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“Red”-Handed Helper


Marvin U. "Red" Mounts

For 40 years, the entire farming community of Palm Beach County received invaluable assistance from Marvin Umphrey “Red” Mounts from Oklahoma. After he graduated from agricultural college at the University of Florida in 1925, Mounts was hired as Palm Beach County’s first assistant agricultural extension agent. His territory covered 1,261,000 acres.

Through Mounts and his successors, the University of Florida Agricultural Research and Education Center, started in 1924 as the Everglades Experiment Station, has continually offered new information to those farmers who would take it. During the Depression, their research discovered the benefits, for example, of St. Augustine grass and sugarcane for dairy cattle. Farmers could also bring their sick livestock or plants to discover and cure what ailed them.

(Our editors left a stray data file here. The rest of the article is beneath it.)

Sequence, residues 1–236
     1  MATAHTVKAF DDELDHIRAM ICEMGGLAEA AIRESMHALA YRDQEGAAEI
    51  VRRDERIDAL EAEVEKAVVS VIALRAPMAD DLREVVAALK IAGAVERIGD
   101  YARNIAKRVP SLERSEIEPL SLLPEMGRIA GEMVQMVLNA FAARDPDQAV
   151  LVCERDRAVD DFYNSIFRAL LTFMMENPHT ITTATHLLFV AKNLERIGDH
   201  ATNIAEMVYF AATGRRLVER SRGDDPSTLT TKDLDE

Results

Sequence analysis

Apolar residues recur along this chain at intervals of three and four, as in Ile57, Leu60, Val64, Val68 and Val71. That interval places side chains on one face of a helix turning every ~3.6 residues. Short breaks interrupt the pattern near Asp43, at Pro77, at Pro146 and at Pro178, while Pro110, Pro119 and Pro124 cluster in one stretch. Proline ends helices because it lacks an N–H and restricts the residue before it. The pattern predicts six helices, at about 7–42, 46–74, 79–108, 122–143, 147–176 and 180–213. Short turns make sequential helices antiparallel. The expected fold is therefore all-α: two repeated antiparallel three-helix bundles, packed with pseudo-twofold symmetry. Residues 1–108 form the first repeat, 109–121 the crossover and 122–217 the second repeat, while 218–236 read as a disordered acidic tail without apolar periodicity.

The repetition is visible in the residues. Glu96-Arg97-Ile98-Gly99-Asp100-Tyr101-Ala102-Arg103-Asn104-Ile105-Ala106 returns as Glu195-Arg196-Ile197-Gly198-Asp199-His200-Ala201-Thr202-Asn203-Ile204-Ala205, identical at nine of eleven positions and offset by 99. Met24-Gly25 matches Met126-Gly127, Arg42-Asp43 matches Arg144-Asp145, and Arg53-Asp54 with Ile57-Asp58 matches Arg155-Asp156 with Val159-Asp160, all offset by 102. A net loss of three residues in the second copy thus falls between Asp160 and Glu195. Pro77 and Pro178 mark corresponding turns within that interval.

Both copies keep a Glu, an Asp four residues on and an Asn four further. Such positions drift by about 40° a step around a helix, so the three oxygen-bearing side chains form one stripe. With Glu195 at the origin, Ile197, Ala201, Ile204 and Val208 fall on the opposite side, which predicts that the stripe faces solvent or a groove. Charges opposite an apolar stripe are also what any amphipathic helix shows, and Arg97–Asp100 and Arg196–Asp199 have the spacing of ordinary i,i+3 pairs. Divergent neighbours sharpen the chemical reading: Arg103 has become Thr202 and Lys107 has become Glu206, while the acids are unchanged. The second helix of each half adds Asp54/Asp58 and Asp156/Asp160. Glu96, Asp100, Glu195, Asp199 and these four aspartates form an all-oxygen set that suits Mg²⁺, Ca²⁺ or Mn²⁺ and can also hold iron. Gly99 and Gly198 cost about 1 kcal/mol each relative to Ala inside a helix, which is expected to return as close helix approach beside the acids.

Mounts encouraged farm families to expand their usual crops of green beans and tomatoes to a variety of tropical fruits and up to 18 vegetables to improve their health as well as their finances. He introduced a grass for cattle grazing that held up on wet soil, investigated the best fertilizers and pesticides, and taught farmers about marketing. He showed cattlemen how to breed Cracker cows with beefier types from up north and how to fatten them faster with new strains of grasses. He collected soil samples and helped identify which nutrients were needed. When not in the field, Mounts would compile farming statistics, lecture to garden clubs, and preach the gospel of agriculture at school career days. Mounts also formed the first chartered 4-H Club in Florida and helped to establish the Audubon Society of the Everglades.

In his early days on the job, it took Red Mounts two days to travel from his office in the county courthouse to the Glades using barges and the Conners Toll Road, or Conners Highway, now US 98/Southern Boulevard. Within four years he was chief extension agent, on his way to expanding an office that would have 12 assistants. By the time he retired in 1965, the county’s agricultural industry had grown from $2 million to $120 million annually.


Opening to Conners Highway, 1924.


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